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Verhalen - Mero pyaro Kangchenjunga

 
 
 

This is a trek like no other: wilder, wetter, and wonderous.

PADAM GHALE

Nepali Times from issue #70 (30 November 01 - 06 December 01)

After you have done all the classic treks in Nepal, after you have seen Kala Patar and done Annapurna Sancutary there is another challenge that awaits you: Kangchenjunga.

First off, Kangchenjunga is located in the easternmost part of Nepal, which gets triple the amount of annual rainfall compared to western Nepal-these mountains on the foothills of the world's third highest mountain get upwards of 3,500 mm of rain a year. The effect is most visible in the vegetation: thick, verdant forests with heavy undergrowth. Even at the height of the dry season, the jungle trails are moist and fresh. The rhododendron in eastern Nepal is some of the most spectacular, especially the Milke Danda range north of Taplejung which has been declared a sanctuary for Nepal's national flower. The whole trek through the moist forests is also an orchid enthusiast's delight. If orchids are actually parasites, then you could call the Tamur River basin a Parasite Paradise.

If there is another conservation area to be declared in Nepal, then it must be a Leech Sanctuary in the upper Tamur Valley where in the lush undergrowth of the forests on either side of the river is a diversity of leeches probably found nowhere else on earth. There at least 20 different types of blood-suckers: striped and black, spotted like leopards, small black ones, fat and brown ones that look like slugs, slender long ones that seem like they haven't had a good drink lately, and then the common leeches that flail their snouts at you from the bushes and rocks. There are environment-friendly ways to deal with these creatures, and the traditional method is to rub salt on the fellows and they will promptly drop off. However, to prevent from getting at your skin in the first place you can use the tobacco juice that porters prefer and rub it like a balm. It'll keep them at a safe distance.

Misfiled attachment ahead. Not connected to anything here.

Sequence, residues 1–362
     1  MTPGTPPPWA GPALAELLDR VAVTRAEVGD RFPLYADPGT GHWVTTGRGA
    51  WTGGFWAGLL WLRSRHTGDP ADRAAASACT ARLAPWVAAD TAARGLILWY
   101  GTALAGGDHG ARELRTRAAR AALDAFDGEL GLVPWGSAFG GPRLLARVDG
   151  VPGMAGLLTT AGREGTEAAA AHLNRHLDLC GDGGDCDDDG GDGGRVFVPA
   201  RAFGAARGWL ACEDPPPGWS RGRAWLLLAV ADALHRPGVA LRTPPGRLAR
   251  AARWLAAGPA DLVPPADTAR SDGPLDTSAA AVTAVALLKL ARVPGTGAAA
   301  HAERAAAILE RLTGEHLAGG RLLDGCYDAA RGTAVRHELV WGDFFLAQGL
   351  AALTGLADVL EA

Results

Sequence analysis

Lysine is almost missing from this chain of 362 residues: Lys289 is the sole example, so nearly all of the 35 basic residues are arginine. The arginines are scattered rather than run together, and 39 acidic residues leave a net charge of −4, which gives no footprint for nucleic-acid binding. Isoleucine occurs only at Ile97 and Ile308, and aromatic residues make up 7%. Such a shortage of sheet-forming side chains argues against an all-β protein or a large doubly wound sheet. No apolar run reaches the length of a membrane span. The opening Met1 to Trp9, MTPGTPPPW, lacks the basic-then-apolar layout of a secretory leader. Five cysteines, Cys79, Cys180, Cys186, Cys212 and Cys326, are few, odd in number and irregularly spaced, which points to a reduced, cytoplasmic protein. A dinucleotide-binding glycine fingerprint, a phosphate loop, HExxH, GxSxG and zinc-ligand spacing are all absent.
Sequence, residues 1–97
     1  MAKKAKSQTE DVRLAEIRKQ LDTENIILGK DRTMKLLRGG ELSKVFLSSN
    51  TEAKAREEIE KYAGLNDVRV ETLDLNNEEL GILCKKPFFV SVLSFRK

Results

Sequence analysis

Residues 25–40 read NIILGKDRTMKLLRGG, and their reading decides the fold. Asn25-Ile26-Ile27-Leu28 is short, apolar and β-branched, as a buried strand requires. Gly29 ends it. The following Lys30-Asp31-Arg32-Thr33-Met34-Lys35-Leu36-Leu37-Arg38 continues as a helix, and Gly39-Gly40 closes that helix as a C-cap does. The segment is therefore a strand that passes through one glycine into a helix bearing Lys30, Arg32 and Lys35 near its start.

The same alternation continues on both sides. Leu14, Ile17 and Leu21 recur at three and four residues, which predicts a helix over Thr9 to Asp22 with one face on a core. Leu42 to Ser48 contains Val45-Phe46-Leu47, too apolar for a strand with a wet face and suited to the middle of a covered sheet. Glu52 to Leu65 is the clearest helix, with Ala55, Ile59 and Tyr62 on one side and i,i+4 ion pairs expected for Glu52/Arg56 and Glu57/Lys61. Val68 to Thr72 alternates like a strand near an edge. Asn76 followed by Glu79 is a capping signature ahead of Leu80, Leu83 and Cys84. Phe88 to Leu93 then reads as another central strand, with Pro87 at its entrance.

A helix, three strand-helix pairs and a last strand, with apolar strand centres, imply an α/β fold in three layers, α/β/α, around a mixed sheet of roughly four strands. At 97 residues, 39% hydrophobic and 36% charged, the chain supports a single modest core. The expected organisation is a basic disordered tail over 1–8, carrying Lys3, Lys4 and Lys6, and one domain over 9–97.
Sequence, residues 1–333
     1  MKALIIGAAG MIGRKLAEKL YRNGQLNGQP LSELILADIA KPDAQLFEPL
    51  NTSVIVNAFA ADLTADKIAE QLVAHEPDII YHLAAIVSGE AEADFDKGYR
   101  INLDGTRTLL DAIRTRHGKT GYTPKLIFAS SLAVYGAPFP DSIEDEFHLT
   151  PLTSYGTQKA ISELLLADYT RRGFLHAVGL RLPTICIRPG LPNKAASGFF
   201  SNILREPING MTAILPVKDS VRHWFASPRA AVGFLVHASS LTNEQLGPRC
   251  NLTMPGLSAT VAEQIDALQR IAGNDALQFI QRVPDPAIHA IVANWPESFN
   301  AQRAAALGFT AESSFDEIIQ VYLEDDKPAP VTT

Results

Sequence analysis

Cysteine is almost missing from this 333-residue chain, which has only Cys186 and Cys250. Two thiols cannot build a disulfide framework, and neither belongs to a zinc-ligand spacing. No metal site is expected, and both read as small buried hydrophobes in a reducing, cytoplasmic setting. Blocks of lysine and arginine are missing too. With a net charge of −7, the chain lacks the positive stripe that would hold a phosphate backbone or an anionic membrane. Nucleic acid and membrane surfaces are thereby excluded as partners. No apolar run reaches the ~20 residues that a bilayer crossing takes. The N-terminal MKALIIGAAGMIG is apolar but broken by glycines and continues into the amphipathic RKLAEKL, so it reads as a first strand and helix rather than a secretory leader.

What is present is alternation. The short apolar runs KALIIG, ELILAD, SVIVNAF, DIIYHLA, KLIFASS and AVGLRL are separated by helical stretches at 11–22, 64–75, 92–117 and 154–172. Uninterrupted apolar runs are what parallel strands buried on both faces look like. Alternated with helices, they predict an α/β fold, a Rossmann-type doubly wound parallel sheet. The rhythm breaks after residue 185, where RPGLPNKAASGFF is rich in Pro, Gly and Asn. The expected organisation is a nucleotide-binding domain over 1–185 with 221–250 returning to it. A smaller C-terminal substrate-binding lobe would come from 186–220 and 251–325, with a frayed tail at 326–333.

Because of the higher rainfall, farmers are more prosperous, and there is more food. Eastern Nepal also borders India's Darjeeling district, where Nepalis have traditionally gone to work. They have brought back new ideas from the tourist and education centres of that hill station. This has broadened their outlook, and made the people of eastern Nepal more affluent and worldy-wise. Added exposure has come from Gurkha veterans, who spend their retirement in their ancestral homes in the villages of the Tamur Valley.

And for trekkers, the greatest thing about the Kangchenjunga trek is that you see very few other foreigners here. The area is now a National Park, and there are ACAP-type restrictions on travelling. There is no extra royalty to go in, but you have to pay the park fee. Individual ravel is discouraged, but this rule can
be sidestepped if you pretend your porter guides are your companions.

The trek is a challenge in other ways: although there is plenty of food, the villages are few and far between and you have to depend on your own provisions. The distances are also long from the road-head at Basantapur, Gopetar or the airport at Tumlingtar.

The views during the walk in are not as spectacular as in some of the other treks in Nepal, but once you get to the glaciers draining the north and south flanks of Kangchenjunga, the vistas are outstanding. Kangchenjunga is not a monolithic peak, like Dhaulagiri or Mt Everest, but a 10 km long ridge over 8,000 m high which makes its one of the largest mountain masses on earth. Kangchenjunga is tucked away in the northeastern corner of Nepal and is in the rainshadow. It has the same feel as Manang Valley, although the mountains here are even higher and nearer and crowd the sky. The upper stretch of the trek is along the crumbling lateral moraines of retreating glaciers, and can be treacherous in places because of rockfall. The trail leads up to the farther end of the valley, Jansang Pass to Tibet at 6,100 m.

This is a photogenic land, the villages even on the upper reaches are more prosperous, the terraces are meticulously carved out of the slopes, and although the area is remote and roadless, it is less underdeveloped than other, similar parts of Nepal.

 
 
 
 
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